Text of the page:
Tanna (2015)

Director: Martin Butler, Bentley Dean
Writer: Martin Butler, Bentley Dean, John Collee
Cast: Mungau Dain, Marie Wawa, Marceline Rofit, Charlie Kahla, Albi Nangia, Lingai Kowia, Dadwa Mungau, Linette Yowayin, Kapan Cook, Mungau Yokay, Mikum Tainakou
Seen on: 4.4.2017

On a small pacific island ruled by a volcano and the patriarchal structure of the tribes that live on it, Wawa (Marie Wawa) and Dain (Mungau Dain) are in love. But after altercations with another tribe, Dain – the Chief’s grandson – is supposed to marry a woman from that other tribe to cement their peaceful relationship. But Wawa and Dain can’t accept their separation easily.

Tanna is an unusual film that deserves to be seen, although it also has a few lengths that kept me at a bit of a distance from the film.

Shot on a small, rather remote island in the Pacific where the tribes’ traditions are alive and well, Tanna proves to be an amazing setting and the unobtrusive, calm camera work captures that setting in vibrant colors without the exoticization one has to fear when white filmmakers come to such a location to make a film.

The story – based on local history/legend (I’m not sure) but not unfamiliar to Western audiences, either – emotionalizes quite effectively and you can’t help to sympathize with Wawa and Dain’s predicament. But every once in a while the pacing could have done with a little more speed. When the film starts to drag too much, you start losing the connection with the characters and their situation.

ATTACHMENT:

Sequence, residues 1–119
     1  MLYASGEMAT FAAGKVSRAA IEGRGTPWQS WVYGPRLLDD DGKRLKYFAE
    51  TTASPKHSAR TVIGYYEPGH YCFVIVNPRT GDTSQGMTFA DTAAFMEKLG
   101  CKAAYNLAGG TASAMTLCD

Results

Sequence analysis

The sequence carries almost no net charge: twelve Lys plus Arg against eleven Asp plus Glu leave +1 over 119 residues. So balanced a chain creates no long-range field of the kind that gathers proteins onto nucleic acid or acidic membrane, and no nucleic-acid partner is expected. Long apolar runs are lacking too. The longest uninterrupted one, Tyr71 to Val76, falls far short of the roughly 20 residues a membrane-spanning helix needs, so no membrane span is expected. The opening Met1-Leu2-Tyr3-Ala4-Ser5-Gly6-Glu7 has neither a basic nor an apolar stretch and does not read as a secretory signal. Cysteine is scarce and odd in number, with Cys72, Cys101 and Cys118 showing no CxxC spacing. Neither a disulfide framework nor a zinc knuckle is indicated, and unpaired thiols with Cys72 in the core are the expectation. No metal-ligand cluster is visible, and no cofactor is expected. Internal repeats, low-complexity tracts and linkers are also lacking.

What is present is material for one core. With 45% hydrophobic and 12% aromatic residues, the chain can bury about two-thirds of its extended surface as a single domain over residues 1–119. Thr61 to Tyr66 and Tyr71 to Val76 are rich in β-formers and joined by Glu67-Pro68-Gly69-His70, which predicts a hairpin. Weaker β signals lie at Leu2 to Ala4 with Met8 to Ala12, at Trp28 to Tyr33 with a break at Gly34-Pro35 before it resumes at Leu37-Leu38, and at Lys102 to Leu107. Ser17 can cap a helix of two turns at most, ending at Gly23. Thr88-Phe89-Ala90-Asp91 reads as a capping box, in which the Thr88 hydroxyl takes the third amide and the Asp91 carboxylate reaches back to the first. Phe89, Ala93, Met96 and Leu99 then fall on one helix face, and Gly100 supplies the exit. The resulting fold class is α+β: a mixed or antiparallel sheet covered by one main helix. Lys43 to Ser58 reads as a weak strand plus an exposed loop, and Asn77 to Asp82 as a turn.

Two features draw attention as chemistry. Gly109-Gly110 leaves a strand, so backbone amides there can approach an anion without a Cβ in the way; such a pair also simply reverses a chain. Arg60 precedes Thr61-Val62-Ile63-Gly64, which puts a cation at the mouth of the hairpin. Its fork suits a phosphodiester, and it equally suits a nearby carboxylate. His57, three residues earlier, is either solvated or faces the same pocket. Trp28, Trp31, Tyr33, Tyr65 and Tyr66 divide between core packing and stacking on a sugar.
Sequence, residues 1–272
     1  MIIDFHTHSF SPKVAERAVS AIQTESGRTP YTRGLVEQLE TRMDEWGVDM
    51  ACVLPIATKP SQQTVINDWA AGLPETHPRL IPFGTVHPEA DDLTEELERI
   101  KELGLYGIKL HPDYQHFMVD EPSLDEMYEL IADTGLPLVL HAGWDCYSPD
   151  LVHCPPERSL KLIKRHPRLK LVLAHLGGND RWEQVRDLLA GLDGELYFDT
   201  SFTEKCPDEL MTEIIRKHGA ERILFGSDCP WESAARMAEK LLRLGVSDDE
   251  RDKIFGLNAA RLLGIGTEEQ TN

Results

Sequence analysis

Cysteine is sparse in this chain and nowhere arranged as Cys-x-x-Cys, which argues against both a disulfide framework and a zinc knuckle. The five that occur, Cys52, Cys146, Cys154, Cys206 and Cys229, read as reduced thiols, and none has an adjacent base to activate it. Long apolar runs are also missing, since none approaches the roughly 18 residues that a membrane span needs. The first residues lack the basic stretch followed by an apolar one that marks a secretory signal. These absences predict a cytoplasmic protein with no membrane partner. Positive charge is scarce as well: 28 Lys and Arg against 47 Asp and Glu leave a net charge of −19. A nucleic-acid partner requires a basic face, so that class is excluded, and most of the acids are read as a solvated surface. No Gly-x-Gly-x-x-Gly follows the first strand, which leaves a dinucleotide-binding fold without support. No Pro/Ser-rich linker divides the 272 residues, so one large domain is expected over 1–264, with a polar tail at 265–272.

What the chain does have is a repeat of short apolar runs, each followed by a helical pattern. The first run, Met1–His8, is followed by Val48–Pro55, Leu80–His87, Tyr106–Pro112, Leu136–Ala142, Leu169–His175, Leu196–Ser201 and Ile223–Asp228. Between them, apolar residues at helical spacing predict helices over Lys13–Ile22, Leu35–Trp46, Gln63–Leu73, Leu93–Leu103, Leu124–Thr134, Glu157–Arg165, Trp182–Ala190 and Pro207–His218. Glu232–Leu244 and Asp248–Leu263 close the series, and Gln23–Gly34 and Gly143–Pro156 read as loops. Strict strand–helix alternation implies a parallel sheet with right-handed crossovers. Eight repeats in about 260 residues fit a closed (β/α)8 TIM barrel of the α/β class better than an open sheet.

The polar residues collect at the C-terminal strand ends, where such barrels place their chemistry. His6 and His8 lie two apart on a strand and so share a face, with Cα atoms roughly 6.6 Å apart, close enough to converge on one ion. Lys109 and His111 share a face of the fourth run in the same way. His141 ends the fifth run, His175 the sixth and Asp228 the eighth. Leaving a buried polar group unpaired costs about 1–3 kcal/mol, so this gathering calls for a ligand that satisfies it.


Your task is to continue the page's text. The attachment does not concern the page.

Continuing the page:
Nevertheless, Tanna practically demands to be seen, if only for the fact that Western audiences very likely will never see anything quite like it. Of course, it would have been even better if the islanders could have told their own story, but the world being what it is, we probably wouldn’t have seen it in that case, if it had got made at all. (As most reviews are sure to mention – as I will now, too – the islanders had never seen a movie camera before this shoot. It would be quite interesting to take the time and dissect the layers of post-colonialism that are draped over this statement and the importance it is given.)

Even though I wasn’t blown away by the story(-telling) of the film, I adored the glimpse in a very different way of living it allowed me. I hope it’s not filtered too much through the white gaze.

Summarizing: Worth checking out.

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